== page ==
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Threats! What Threats? Malware Beacons and Stamus Security Platform

One of the first network-related indications of a botnet or peer-to-peer (P2P) malware infection is malware beaconing. This article provides an overview of malware beacons and reviews how the Stamus Security Platform (SSP) can help.

At Stamus Networks, we talk a lot about what we do to detect threats, but we don’t always emphasize which threats, how they work, and why they are harmful. This series -- Threats! What Threats? – seeks to change that.

What are malware beacons and why are they harmful?

An increasingly common way that attackers are avoiding detection after they have accessed a system is the use of command-and-control (C2) beaconing. In this context, beaconing is when malware communicates with an attacker’s C2 server to receive instructions on which tasks should be completed on the target machine. Attackers configure the frequency at which the malware calls home as well as the method for doing so.

HTTP/S, DNS, SSH, and SMTP, as well as common cloud services like Google, Twitter, and Dropbox are all common protocols used for command-and-control. Using these common protocols and services for C2 allow an attacker to evade detection by appearing like normal network traffic.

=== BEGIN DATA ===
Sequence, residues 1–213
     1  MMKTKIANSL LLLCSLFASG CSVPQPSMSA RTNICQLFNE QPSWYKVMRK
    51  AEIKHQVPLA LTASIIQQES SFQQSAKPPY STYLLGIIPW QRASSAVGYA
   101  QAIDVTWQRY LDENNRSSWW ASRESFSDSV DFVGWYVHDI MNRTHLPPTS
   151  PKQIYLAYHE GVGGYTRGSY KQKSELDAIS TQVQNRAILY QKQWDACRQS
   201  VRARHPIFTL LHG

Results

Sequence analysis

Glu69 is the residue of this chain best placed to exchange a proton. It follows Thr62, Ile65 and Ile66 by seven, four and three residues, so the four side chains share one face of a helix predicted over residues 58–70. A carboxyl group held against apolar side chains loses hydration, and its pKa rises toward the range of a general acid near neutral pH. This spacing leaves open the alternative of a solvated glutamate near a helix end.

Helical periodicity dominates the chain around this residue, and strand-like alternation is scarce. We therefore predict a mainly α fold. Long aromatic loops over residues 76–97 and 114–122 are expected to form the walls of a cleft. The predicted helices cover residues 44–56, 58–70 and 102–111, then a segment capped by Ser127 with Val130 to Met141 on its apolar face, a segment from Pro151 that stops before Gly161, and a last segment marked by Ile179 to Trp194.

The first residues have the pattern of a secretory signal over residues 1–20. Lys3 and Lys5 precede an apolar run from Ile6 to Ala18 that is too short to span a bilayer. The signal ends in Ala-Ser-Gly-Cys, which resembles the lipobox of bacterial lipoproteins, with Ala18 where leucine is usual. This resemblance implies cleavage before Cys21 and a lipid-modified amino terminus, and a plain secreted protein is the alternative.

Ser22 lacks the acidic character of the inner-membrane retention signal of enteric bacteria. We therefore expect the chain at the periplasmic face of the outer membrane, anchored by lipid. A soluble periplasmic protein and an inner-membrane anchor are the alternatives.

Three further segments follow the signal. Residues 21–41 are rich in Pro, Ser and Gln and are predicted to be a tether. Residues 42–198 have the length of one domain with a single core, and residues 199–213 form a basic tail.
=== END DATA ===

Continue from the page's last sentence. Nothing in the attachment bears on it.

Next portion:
Beaconing can be difficult to detect and is often missed by many detection systems; however, its unique traits – with respect to packet size and frequency, which can be modeled by standard statistical and signal processing techniques – are the key to catching beacons and locating the malware that uses them.

While the beacon itself is not inherently harmful, the malware that uses beaconing to communicate with a C2 server can potentially cause data breaches (check back next week for more information on command-and-control servers). Detecting malware beaconing that happens at regular intervals is not overly difficult for most systems, but more advanced evasion methods are beginning to appear such as the SUNBURST supply chain compromise which communicated at very infrequent, randomized intervals and allowed attackers to remain undetected.

Thankfully, the Stamus Security Platform (SSP) is capable of detecting low frequency malware beaconing with a level of effectiveness not seen by many modern network-based detection systems. This is due to our use of advanced machine learning algorithms that aren’t restricted by time boundaries.

How does Stamus Security Platform help with malware beacons?